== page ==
Tuesday 1 June 2021

So long, and thanks for all the shrimps

The gentle breeze started NNW before drifting to east and ending up SE. Occasional cloud cover but mainly sunny and warm.

Heysham skear - low water 11:25
I went down early before the outer skear was exposed, we are moving to neap tides now and it won't be exposed at all again for a week, I wanted to see just how many Sanderling there were, and I just got there in time to see them moving off - this is what today's title refers to (MD).
Sanderling c40 - a large reduction from recent days. They were on the last exposed island of the middle skear. I took this scan shot to show the Sanderling in the foreground, plus the gulls further out waiting for the outer skear to become exposed.
This was 10:00, just after this clip, most of the Sanderling flew off north, just leaving 6, which probably soon followed.
No sign of any Canada goose this morning.
Grey Seal 1

Josh Hedley scanned the skear and low water channels from Heysham Head around low water (11:00-12:00)

Eider- 5 (two drakes)

Red-breasted Merganser- 3

Great Crested Grebe- 3 (including one displaying pair)

(Unfortunately missing the Sanderling by an hour!)

Middleton Nature Reserve 

Just a quick check of the two main ponds. 

Cetti's warbler - male singing from central marsh.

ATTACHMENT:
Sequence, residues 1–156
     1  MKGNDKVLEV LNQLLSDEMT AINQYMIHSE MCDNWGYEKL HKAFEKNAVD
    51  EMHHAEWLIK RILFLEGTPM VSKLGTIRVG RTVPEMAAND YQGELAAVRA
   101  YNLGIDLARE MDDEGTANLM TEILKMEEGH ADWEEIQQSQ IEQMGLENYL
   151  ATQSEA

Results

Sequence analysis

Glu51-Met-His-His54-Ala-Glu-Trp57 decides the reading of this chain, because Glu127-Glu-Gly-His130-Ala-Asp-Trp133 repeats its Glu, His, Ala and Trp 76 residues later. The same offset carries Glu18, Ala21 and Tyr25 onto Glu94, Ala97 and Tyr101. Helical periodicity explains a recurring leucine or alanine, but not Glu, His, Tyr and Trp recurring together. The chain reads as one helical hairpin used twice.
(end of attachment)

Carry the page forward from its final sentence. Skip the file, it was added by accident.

Wildfowl status unchanged, although the Mute and Mallard families are alternating ponds. When the Mute move in the Mallard move out.

Only dragonflies seen were Four-spotted chaser.

The Coot pair on the "no swimming " pond have three chicks, I think the dragonfly on this clip is also a Four-Spotted chaser (MD)

South shore
I went down to the lighthouse area while the tide was still low and the wind was in the east. These conditions in warm weather brings insects in off the sea.

Grasshopper warbler - one singing from the non operational land next to the Power Station, several bursts heard from the track along the eastern boundary of the Power Staion that takes you to Red Nab.

The only ones actually seen coming in off were various small "flies" a seven spot Ladybird and a couple of "Bees".
But there were a lot of butterflies around which weren't there on Sunday:
Small White 11
Common Blue 9
Mother Shipton moth 1

The ringed male Rock Pipit was having more luck catching flies today,
but the good news is that they weren't for him, unfortunately I failed to see where he took them.

Grey seal 2

Finally, I mentioned the other day that the willow fluff was falling in a blizzard. With several calm dry days, in some places it is laying on the ground like snow.

These shots from the small anemometer area